Laddie
Laddie
In 2010, Laddie became our first house cat. He was a surrender to Dr. Carrie at her first clinic she worked as a vet where he was a frequent boarder whose owner was going to move and could not take Laddie, so Dr. Carrie immediately adopted him. He came to us at us as soon as we opened, as our first official cat mascot, he was the sweetest, most handsome and cuddly boy ever. We will forever miss Laddie (a.k.a. Hovan).

“I cannot speak highly enough about every single person at Kennesaw Mountain Animal Hospital. They truly embody their mission statement “Where we treat you like family and your pets as our own.”

Anisha S.
dogs kennesaw marietta

“The attention and service provided to my two dogs by the vet technician (Ms. Wilder) and the Vet (Dr. McDonald) were impressive. They really put my two dogs first and made me feel they care about the health of my pets.”

Jonathan D.
dogs kennesaw marietta

“We just put our three-year-old through training at day camp at Kennesaw Mountain Animal Hospital. Cheyenne and Will are great and Serena’s improved so much that we have taken her to Marietta Market, baseball games for the grandkids, and other little outings.”

Nancy A.
dogs kennesaw marietta

“Had to board for four days. I called to check on her and was given in detail how she did. Picked her up and she was not shaking (which she normally does when we are at vets). I will definitely use them again. Love this group. Very friendly and caring!”

Freda B.

“If you need a cat groomer, I recommend Marissa! She was patient with my baby Oliver and made him feel comfortable. And he looks great!!!!”

Jennifer B.

Frequently Asked Questions

As veterinarians we deal with a wide range of complicated issues in the course of our day-to-day work. If you don’t have all the answers, we might. We have some FAQ documents on a wide range of subjects for your pet. Whether you’re looking for answers to common questions or just curious, our FAQs could be the fastest route to the answers you need.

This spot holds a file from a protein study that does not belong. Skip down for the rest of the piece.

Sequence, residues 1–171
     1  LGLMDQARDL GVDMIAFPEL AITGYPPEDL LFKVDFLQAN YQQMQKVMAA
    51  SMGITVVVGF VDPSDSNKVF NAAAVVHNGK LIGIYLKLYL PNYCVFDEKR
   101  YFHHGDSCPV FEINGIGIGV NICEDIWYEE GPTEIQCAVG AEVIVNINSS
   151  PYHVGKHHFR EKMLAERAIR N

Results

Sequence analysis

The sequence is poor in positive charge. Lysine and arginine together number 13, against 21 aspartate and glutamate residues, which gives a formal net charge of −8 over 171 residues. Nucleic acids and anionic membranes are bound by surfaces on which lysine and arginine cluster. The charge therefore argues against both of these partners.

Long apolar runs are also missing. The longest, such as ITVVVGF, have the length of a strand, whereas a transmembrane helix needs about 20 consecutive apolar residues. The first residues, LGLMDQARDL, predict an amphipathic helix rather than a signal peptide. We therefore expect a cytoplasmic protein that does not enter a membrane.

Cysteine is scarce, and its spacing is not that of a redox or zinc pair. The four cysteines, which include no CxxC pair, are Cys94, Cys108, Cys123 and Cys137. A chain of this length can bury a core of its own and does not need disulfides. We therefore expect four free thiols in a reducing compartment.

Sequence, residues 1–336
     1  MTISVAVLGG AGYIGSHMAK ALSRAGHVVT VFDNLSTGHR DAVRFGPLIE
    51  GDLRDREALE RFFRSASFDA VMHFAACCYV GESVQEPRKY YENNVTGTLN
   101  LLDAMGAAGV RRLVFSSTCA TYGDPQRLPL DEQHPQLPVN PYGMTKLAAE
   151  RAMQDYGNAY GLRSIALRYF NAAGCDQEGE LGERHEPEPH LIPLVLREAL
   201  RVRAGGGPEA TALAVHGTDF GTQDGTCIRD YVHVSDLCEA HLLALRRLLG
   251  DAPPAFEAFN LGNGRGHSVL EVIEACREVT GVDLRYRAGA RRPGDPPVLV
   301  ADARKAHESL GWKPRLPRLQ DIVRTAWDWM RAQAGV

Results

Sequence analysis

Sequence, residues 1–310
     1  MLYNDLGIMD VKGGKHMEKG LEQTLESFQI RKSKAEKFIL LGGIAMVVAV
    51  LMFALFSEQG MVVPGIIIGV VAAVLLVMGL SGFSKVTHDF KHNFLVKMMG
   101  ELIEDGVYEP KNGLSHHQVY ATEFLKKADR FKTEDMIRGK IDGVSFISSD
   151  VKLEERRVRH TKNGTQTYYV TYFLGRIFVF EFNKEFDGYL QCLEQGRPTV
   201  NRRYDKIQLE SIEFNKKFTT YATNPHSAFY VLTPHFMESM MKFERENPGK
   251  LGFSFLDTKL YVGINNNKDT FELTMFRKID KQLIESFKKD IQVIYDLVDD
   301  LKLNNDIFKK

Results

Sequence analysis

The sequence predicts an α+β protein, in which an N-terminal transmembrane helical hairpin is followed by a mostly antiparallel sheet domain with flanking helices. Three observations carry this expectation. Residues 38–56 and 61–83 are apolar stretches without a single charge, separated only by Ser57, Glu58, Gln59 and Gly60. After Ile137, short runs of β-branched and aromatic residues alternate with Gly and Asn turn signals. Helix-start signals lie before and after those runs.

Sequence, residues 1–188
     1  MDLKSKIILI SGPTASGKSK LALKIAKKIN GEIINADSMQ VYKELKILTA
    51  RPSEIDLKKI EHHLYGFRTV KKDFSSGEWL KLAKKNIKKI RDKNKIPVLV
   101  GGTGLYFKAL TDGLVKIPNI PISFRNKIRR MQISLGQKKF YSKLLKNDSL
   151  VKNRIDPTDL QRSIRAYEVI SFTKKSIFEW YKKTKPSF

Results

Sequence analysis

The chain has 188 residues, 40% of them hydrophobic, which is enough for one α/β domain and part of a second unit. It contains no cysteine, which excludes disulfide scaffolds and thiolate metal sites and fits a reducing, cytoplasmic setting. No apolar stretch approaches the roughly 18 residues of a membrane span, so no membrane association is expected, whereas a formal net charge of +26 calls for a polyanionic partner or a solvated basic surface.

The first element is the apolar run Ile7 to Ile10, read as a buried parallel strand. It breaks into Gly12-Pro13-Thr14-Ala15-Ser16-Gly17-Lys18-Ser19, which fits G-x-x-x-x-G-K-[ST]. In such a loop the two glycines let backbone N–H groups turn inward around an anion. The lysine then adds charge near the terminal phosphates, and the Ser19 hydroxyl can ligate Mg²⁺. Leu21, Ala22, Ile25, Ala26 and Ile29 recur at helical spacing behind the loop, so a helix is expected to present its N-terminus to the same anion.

A puppy’s critical development period is 8 – 14 weeks, training is crucial during this period and is fine, given they’re at the appropriate level of vaccines. Puppies can meet other vaccinated puppies…we require all training participants to be at the appropriate stage of vaccination for their age.
They pose a variety of health and safety hazards. Without knowledge of the other dog’s backgrounds, it’s a risky situation at best. Other pet owners may not be aware of the risks…nor mindful of their pet.
Imagine not brushing your teeth for five years? Infection occurs when bacteria collects between the gums and teeth as they separate; it then enters the blood stream and sets up in the heart, liver, and kidneys.
Absolutely, NOT! Aspirin, ibuprofen, and naproxen are non-steroidal anti-inflammatory drugs (NSAIDs). Dogs are extremely sensitive to the gastrointestinal effects of NSAIDs, resulting in pain, bleeding, and ulceration.
Change in appetite, lethargy, low energy, aggressiveness, inappropriate elimination, and vocalization are all signs of an underlying issue. Though the symptoms began recently, the issue began well before the symptoms began to show.
Our wellness plans spread out the cost of services throughout the year…much easier on your wallet. Part of your savings includes no exam fee when you come for a visit.
It provides a baseline of values to reference the next time your pet needs treatment. It also detects early signs of cancer, infection and disease, and ensures organs are properly functioning.
On July 19, 2018, the U.S. FDA issued an alert regarding grain-free diets and a possible link to dilated cardiomyopathy (a decreased ability to pump blood); often resulting in congestive heart failure. The correlation of peas, lentils, chickpeas, beans, and potatoes is the focus of the investigation and if your pet is currently on a grain free diet, the FDA urges pet owners to consult their veterinarian.

Call us today, we want to be your partner in your pet’s healthcare!